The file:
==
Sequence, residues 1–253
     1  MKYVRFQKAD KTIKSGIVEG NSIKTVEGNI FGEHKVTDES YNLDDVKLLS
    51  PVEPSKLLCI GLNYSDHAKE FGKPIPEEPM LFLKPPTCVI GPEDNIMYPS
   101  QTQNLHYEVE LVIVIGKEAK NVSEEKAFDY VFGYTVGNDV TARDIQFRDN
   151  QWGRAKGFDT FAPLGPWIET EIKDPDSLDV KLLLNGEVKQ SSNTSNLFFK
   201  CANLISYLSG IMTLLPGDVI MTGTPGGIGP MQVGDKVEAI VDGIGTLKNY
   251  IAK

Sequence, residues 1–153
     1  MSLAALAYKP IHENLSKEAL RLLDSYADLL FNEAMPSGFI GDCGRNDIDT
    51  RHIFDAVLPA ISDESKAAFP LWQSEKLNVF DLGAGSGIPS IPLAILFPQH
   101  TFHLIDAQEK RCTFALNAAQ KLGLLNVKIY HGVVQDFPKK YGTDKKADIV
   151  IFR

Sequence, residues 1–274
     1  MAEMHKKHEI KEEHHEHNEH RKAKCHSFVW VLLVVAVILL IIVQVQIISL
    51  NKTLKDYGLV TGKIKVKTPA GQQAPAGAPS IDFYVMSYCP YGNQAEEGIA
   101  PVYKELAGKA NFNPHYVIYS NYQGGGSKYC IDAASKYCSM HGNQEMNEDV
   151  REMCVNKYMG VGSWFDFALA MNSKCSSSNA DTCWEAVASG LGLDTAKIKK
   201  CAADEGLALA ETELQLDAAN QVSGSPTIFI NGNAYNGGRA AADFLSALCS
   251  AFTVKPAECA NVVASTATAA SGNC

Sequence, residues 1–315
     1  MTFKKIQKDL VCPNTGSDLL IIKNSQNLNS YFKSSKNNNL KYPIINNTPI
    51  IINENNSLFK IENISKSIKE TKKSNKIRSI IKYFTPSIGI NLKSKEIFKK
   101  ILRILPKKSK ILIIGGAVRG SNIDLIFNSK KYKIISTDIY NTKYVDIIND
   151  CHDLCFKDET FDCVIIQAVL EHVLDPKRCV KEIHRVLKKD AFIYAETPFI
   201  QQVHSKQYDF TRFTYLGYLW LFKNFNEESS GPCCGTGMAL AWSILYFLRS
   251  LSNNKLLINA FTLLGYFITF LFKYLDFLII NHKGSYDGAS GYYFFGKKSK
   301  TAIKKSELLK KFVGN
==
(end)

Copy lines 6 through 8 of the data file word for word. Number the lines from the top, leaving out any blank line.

   201  CANLISYLSG IMTLLPGDVI MTGTPGGIGP MQVGDKVEAI VDGIGTLKNY
   251  IAK

Sequence, residues 1–153